How to Find a Power of a Power (Mathematics Lesson)
Finding a Power of a Power
We can find a power of a power. In this case, a power (with an exponent) is itself raised to an exponent.
To find a power of a power, multiply the exponents together.
This is a law of exponents.
How to Find a Power of a Power
Finding a power of a power is easy.
An Example Question
Use the law of exponents to find the power of a power below.
Find the exponents. In our example, the exponents are 2 and 3.
Multiply the exponents together.
Make the answer from Step 2 (6) the exponent of the base that has been raised to the exponent.
We have found the power of a power.
Understanding Powers of a Power
Let us look at the rule for finding a power of a power, using the example above:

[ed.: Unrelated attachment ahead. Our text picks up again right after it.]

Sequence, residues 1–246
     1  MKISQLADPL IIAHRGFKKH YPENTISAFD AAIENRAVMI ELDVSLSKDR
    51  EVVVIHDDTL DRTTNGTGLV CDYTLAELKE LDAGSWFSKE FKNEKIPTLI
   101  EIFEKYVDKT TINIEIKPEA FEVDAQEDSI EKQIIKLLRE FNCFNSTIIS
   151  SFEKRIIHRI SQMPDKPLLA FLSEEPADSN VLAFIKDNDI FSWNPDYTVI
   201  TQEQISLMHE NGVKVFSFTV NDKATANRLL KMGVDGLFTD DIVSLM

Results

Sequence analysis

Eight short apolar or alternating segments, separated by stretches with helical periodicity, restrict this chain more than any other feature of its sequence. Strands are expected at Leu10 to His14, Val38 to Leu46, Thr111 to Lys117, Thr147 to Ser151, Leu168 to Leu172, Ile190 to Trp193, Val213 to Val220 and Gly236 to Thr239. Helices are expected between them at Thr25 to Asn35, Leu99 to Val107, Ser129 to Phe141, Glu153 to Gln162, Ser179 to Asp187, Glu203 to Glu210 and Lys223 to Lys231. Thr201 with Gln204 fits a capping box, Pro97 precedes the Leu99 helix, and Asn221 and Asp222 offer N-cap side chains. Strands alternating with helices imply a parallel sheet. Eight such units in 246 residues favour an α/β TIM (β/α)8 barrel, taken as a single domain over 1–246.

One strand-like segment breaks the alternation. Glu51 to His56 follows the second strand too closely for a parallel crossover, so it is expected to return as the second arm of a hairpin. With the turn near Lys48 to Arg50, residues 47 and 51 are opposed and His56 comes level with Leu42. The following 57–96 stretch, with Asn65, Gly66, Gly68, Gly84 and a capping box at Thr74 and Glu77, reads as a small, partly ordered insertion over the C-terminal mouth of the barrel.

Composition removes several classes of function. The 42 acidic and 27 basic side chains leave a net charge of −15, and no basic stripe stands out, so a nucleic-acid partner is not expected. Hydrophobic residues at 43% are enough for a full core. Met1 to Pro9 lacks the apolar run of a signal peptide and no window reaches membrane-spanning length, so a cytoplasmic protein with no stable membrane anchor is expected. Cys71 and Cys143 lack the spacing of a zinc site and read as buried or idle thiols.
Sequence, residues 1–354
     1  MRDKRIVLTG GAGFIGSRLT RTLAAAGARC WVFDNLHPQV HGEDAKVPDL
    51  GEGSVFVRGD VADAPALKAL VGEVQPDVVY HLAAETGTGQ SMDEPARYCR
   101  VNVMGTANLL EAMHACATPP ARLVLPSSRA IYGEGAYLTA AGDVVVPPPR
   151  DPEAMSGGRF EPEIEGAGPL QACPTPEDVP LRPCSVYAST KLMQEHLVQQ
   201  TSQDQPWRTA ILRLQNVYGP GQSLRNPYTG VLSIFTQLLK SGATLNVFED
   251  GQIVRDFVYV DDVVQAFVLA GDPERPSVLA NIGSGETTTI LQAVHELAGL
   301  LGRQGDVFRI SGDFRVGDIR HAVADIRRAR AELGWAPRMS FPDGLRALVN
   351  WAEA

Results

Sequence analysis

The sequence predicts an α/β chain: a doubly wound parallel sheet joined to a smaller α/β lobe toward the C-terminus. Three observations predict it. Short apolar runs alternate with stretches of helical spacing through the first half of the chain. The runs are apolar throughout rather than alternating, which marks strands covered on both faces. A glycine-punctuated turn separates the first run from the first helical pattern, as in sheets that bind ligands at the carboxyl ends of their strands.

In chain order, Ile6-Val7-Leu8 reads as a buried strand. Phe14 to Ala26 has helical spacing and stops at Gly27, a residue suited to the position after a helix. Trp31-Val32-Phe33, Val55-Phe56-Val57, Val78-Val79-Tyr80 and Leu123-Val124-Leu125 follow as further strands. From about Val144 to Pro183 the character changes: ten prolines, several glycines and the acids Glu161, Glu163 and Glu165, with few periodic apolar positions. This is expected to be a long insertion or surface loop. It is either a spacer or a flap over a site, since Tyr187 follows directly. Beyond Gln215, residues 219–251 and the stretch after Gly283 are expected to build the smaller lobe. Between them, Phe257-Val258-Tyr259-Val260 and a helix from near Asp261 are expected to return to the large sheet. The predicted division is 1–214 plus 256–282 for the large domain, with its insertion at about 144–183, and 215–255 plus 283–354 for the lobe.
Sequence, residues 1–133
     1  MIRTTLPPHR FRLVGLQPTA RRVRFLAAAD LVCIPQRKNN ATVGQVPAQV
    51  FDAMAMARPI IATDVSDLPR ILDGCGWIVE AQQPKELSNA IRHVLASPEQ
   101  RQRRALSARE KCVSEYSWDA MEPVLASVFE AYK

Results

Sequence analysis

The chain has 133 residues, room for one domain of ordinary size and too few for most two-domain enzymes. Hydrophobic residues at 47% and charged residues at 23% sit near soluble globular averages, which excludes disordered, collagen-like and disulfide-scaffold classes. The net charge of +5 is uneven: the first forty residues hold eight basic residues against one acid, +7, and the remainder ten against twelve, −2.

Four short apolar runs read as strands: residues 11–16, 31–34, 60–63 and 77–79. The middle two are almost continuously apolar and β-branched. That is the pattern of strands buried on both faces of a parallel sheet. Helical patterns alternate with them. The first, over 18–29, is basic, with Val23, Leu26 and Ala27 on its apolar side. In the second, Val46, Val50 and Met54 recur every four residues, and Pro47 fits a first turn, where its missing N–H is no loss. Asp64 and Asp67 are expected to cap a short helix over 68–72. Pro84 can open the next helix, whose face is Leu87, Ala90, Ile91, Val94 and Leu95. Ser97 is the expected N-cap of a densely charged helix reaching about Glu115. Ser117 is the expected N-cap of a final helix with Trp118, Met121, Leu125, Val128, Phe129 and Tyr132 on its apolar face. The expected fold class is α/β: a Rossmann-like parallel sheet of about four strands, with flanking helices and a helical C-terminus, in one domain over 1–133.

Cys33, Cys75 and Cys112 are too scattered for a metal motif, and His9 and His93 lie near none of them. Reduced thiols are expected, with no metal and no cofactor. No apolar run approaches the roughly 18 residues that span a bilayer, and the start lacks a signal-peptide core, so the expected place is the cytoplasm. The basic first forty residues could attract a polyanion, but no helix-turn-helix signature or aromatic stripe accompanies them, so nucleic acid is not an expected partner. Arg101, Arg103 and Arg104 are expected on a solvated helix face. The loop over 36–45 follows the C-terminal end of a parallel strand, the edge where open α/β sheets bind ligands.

Firstly, let us look at what is to the left of the equals sign (=):

Inside the bracket is a power, 2^{2}. It consists of a base (2) raised to an exponent (2).
2^{2} means 2 is multiplied by itself 2 times:
2^{2} = 2 × 2 
This power becomes the base of another power, (2^{2})^{3}. Here, the base is 2^{2} and the exponent is 3.
(2^{2})^{3} means 2^{2} is multiplied by itself 3 times:
(2^{2})^{3} = 2^{2} × 2^{2} × 2^{2}By writing out this in full, we see that the left hand side is equal to 2 multiplied by itself 6 times: 2^{6}.
2^{2} × 2^{2} × 2^{2} = (2 × 2) × (2 × 2) × (2 × 2)
2^{2} × 2^{2} × 2^{2} = 2 × 2 × 2 × 2 × 2 × 2
2^{2} × 2^{2} × 2^{2} = 2^{6}
Let us look at the right hand side of the equals sign (=):

2^{2 × 3} is a power. It consists of a base (2) raised to an exponent (2 × 3).
Clearly, 2^{2 × 3} is equal to 2^{6}. The left hand side of the equation equals the right hand side.
A Real Example of How to Find a Power of a Power
The slider below shows another real example of how to find a power of a power.
Interactive Test
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Here's a third test on finding powers of a power.